These are metacognitive/self-reflective questions that teachers can pose to themselves to help them consider specific strategies for enacting the MDP in an upcoming lesson. These questions are meant to guide teachers to think as concretely and specifically as possible about what they will say/do to support this MDP.
- What opportunities does this lesson provide for students to engage in challenging reasoning, making sense of phenomena, designing solutions, revising their thinking, and/or reflecting on their understanding?
- How will I frame the purpose of this lesson/specific activities to students? What will I say throughout this lesson to incentivize student effort/strategy use and deeper learning versus speed, points, or compliance?
- How am I encouraging participation and personal responsibility for learning from all students in this lesson? How will I collect evidence of multiple students’ thinking during this lesson, and ensure that I don’t just stop when I hear the right answer?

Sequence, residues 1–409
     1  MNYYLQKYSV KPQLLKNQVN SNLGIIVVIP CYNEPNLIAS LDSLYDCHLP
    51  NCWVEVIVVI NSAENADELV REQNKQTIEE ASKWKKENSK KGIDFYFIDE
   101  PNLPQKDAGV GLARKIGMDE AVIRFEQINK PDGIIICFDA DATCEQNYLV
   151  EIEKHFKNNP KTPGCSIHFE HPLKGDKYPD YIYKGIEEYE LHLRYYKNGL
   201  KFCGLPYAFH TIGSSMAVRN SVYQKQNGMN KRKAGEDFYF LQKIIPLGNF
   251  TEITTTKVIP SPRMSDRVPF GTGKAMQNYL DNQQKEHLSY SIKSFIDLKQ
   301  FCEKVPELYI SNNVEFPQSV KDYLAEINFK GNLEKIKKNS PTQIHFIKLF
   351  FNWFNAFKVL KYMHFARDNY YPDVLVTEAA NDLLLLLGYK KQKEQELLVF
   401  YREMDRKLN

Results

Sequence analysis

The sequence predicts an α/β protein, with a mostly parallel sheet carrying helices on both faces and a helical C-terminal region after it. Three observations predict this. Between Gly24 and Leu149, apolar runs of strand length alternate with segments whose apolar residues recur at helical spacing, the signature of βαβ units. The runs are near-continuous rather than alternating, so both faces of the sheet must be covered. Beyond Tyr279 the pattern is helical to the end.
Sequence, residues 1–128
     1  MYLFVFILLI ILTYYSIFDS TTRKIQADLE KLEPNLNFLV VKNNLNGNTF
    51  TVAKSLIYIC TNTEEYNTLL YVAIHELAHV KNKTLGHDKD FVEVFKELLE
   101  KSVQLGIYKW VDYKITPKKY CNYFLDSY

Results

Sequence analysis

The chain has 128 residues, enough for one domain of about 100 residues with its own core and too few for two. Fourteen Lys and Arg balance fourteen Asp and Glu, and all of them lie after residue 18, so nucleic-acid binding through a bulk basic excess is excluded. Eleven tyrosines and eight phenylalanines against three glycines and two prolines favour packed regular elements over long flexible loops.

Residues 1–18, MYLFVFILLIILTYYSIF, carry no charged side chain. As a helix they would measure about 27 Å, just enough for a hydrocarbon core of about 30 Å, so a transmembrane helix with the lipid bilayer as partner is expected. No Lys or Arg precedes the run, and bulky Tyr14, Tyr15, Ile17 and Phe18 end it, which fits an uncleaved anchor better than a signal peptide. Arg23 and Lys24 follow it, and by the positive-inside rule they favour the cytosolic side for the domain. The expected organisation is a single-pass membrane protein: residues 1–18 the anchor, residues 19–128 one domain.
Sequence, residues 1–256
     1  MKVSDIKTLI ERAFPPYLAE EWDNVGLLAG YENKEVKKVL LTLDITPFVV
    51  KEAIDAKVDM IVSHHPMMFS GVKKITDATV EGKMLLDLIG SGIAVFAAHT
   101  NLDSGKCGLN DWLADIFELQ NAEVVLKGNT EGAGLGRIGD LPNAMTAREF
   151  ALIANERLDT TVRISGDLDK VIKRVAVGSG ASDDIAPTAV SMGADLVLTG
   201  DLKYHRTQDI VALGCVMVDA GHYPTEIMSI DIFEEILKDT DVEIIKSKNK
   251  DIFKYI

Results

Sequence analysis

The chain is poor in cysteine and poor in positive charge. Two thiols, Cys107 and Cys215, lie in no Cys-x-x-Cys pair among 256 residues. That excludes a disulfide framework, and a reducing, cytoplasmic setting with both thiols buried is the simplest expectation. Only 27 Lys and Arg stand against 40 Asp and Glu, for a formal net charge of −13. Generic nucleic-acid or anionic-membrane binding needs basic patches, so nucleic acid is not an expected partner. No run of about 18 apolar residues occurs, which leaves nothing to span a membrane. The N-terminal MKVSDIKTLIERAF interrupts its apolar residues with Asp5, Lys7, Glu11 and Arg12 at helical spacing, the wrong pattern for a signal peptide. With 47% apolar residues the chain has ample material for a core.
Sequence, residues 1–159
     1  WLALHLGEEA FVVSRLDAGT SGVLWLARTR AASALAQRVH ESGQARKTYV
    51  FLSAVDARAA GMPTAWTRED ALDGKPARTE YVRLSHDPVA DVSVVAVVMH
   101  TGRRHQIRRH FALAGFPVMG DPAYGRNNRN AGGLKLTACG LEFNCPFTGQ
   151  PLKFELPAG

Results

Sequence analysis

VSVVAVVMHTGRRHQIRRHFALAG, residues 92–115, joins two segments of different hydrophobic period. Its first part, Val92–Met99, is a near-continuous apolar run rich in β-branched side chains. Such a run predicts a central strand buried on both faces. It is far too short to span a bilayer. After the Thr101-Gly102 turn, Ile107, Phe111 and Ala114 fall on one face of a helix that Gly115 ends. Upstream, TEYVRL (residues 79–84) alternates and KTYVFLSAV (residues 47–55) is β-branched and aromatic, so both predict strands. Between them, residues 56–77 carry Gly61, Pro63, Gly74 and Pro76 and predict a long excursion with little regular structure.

- How can I ensure that my evaluation of students assesses deeper understanding rather than surface memorization and aligns with the purpose of the lesson?
- In what ways might students be inclined to compare themselves to others in this lesson (positively or negatively)? How can I try to pre-empt those comparisons and/or respond to them in the moment?
- What steps have I taken to ensure that students will feel comfortable making mistakes, admitting that they don’t know something, or taking intellectual risks in this lesson? How will I draw on established classroom norms and routines related to mistakes, and what, if any, additional structures or reminders/reinforcements might be required for this particular lesson?